It might be expected that if physicians were unfamiliar with a medication, PSRs would provide safety information to help ensure appropriate use. Information on serious harm was no more frequent for drugs not previously prescribed. Similarly, serious harm was rarely mentioned for drugs with boxed warnings or subject to recent safety advisories.
Despite these omissions, physicians judged information quality positively and expressed willingness to increase prescribing nearly two-thirds of the time. This raises serious concerns about the basis for such prescribing decisions, given that an understanding of a medicine’s health effects requires knowledge of both benefit and harm.
It seems unlikely that PSRs had too little time to provide “minimally adequate safety information,” as this measure required less information than the audio portion of 60-second US television ads, and most sales visits were over 5 min. Physicians frequently reported mention of listed costs, reimbursement status, cost-effectiveness, and health benefits. This strongly suggests that time was available to discuss safety.
One or more health benefits were discussed nearly twice as often as any harm, 80 % versus 41 % of interactions. In all three countries, promotions that fail to include information on harm are inconsistent with national laws. In information for physicians on its website, Health Canada describes “messages which emphasize only product benefits without including safety information” as potential legal violations.15 Similarly, the US FDA’s website explains that efficacy information with no risk information violates US regulations.16 In France, the Sales Visit Charter states that PSRs must mention AE, precautions and contraindications (Section II.1).17
In Toulouse, non-serious AE and contraindications were mentioned more often, and product information provided more often, suggesting an influence from stricter regulatory standards. However, SAE did not differ and unqualified safety claims were more frequent, suggesting an imperfect situation from a patient safety perspective. Physicians in Toulouse rarely received food or free samples, but nevertheless expressed willingness to prescribe at a rate similar to other sites. Industry funding, mainly for study participation, was common in Toulouse (42 % of participating physicians). Fugh-Berman and Ahari highlight “finely titrated doses of friendship,” as key to PSR sales success.18 This type of influence could explain the similar stated propensity to prescribe.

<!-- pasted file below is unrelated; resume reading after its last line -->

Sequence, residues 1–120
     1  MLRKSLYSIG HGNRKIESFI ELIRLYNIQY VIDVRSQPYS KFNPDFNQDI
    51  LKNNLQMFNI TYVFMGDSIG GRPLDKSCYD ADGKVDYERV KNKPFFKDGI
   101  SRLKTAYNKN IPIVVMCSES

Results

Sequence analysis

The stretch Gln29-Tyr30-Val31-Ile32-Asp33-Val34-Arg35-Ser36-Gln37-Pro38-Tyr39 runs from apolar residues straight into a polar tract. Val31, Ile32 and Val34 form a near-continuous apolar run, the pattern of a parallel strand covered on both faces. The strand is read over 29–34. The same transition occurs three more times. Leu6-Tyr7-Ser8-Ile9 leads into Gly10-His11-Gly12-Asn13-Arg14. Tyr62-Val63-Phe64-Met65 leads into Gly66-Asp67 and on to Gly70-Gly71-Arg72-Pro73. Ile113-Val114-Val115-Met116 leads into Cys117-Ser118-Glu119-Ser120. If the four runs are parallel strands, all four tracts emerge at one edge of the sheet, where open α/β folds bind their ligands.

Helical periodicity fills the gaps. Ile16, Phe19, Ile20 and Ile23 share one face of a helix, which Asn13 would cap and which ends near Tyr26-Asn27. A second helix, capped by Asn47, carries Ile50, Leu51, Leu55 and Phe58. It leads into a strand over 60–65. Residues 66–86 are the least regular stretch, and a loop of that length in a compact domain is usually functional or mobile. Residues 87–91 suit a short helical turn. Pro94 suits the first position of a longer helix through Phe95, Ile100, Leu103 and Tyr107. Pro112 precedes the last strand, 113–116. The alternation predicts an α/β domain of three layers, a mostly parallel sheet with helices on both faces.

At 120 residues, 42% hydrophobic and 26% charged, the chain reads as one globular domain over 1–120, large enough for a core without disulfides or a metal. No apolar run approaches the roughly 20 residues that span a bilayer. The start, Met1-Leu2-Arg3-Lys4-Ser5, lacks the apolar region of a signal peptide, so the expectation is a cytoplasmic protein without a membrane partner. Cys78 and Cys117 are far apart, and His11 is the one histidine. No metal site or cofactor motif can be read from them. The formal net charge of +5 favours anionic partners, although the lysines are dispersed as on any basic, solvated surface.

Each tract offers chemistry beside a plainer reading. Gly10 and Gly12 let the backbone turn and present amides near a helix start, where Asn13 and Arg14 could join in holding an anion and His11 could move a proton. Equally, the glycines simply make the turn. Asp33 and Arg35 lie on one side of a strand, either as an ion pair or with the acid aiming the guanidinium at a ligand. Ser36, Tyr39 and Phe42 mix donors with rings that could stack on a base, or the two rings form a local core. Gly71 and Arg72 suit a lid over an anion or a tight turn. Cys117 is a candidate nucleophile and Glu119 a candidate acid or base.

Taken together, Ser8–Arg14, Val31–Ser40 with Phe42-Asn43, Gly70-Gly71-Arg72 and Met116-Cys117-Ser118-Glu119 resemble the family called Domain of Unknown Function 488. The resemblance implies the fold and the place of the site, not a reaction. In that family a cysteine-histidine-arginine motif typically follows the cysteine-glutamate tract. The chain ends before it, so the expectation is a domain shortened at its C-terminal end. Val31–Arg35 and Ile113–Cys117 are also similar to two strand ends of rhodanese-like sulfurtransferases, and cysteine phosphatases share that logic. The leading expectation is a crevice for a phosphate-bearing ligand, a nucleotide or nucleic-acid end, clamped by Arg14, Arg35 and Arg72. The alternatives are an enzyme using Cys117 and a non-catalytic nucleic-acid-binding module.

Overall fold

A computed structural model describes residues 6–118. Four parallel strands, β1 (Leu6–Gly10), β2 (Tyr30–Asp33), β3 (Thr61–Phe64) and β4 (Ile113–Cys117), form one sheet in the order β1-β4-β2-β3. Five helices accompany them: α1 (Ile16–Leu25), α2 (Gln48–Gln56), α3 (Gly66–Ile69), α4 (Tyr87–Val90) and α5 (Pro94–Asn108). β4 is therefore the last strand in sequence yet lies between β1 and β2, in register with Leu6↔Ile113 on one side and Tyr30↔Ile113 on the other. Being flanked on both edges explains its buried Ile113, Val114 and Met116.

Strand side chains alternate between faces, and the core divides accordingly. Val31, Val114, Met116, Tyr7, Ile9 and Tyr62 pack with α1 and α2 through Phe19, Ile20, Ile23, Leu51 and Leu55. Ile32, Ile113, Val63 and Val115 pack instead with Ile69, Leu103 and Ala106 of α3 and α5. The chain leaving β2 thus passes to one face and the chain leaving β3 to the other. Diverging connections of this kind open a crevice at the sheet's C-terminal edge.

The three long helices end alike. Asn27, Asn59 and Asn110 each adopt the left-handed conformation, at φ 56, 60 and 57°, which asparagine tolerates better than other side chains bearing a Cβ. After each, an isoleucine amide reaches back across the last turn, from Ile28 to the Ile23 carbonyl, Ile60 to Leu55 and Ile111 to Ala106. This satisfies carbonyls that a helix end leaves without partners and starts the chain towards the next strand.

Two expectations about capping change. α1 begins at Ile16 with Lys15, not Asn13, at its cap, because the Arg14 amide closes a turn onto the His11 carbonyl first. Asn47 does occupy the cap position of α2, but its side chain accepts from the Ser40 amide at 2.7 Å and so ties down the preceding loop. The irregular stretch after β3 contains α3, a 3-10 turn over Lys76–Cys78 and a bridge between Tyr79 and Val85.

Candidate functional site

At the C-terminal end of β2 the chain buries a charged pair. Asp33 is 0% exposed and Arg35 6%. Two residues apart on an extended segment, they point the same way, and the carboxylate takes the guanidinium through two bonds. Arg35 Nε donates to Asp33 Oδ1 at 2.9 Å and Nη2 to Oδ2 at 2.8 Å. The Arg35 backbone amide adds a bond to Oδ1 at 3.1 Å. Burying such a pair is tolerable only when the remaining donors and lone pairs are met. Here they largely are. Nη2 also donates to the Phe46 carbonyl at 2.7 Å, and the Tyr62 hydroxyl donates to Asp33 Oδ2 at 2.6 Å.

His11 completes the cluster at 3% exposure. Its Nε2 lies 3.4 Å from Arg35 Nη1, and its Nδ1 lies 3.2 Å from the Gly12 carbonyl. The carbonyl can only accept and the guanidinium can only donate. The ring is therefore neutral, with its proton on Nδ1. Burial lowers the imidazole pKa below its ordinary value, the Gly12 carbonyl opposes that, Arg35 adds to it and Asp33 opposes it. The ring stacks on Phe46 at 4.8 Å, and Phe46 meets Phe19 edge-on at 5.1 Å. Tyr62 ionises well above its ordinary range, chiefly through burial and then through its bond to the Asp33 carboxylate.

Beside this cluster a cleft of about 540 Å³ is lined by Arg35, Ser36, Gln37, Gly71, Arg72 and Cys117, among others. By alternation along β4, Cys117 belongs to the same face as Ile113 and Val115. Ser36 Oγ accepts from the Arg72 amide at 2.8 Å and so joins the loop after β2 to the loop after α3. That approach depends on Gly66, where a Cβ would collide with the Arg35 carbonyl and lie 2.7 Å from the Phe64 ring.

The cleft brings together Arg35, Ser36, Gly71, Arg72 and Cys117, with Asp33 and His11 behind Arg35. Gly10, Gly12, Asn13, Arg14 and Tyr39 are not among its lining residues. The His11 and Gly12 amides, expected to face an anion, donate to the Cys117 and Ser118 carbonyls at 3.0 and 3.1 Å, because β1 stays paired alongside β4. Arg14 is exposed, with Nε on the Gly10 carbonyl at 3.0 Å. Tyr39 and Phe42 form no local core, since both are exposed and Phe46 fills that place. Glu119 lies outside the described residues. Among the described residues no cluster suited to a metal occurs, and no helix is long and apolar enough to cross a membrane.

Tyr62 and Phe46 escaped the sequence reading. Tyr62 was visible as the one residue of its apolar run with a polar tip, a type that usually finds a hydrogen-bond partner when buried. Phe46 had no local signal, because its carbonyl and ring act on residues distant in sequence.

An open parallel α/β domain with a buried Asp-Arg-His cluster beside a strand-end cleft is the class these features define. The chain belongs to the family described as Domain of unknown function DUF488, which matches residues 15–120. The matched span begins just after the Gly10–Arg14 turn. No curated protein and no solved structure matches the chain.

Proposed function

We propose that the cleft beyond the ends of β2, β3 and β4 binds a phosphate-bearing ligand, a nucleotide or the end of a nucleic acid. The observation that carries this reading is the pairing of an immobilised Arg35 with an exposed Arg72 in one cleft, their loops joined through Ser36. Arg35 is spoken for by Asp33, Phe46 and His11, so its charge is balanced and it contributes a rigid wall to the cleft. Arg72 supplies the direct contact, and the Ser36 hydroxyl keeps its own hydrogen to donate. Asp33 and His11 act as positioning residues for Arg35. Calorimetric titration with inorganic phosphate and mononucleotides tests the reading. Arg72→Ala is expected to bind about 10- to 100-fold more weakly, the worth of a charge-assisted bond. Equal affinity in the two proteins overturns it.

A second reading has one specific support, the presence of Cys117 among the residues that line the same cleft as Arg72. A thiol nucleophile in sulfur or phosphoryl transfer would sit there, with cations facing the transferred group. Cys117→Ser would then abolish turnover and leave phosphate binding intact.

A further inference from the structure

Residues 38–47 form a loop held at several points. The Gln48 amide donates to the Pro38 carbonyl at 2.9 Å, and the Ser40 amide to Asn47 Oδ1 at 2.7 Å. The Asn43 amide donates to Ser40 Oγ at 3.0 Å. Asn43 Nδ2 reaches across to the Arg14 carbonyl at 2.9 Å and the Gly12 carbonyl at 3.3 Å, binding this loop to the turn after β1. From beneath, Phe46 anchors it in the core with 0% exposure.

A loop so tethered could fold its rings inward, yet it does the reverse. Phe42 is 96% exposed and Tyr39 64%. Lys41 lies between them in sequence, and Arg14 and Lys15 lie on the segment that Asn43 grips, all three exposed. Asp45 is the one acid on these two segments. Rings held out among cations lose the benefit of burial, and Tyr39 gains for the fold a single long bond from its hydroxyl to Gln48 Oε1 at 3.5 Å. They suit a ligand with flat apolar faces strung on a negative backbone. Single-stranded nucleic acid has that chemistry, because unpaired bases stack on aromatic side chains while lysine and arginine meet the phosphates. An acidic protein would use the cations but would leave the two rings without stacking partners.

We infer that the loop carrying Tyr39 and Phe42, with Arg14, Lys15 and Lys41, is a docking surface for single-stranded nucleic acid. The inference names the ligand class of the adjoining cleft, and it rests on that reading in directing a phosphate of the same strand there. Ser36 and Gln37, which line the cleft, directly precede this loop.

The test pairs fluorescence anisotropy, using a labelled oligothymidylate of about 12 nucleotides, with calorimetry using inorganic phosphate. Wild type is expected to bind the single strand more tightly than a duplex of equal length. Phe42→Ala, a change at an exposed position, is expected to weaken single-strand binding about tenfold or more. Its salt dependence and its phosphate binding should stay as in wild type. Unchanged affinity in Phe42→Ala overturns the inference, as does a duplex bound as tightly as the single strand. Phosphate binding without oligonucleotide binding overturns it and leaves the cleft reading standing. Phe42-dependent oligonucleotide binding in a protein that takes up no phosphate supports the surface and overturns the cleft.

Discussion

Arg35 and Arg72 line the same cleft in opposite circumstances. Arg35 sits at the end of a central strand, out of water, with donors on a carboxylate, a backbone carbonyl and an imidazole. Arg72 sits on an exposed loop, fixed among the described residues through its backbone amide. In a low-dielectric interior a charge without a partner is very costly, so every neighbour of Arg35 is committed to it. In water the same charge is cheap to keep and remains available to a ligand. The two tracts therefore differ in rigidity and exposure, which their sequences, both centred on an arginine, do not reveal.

We had hypothesized that US “fair balance” requirements would lead to more frequent harm information in Sacramento than in the Canadian sites, and that unapproved indications would be mentioned more often in Sacramento. Neither proved to be the case. Our results suggest little influence from US/Canadian regulatory differences.
The limited differences observed between sites may reflect the near universal lack of monitoring of interactions by governments and self-regulatory agencies.
In previous studies of PSRs from 1975 to 1994 in Finland, Australia and the United States8 and 2000–2005 in France,9 AE were mentioned in 27–30 % of promotions, contraindications in 25–29 % and drug interactions in 25 %. In our study, AE (serious or non-serious) were mentioned in 29 %, contraindications in 20 % and interactions in 3 %. Thus, we found no indication of more complete harm information than in these older studies.
This study has some limitations. We cannot generalize our results to specialists or beyond the four included cities. We relied on physician recall, not recordings. However, physicians’ recall ultimately informs prescribing. Previous research found that physicians infrequently recalled hearing PSRs make false claims.19 We asked physicians to treat sales visits as per their usual practice, and did not distinguish spontaneously provided information from responses to questions. Physician recruitment rates (36 %) were similar to that in a study of Veterans Affairs psychiatrists on their interactions with PSRs (35 %).20 Sampling in Sacramento differed from the other sites, with a lower refusal rate among eligible physicians, but rates of reported safety information was similar to the other two North American sites, which argues against selection bias. Additionally, the most frequently reported drugs were those with highest promotional spending.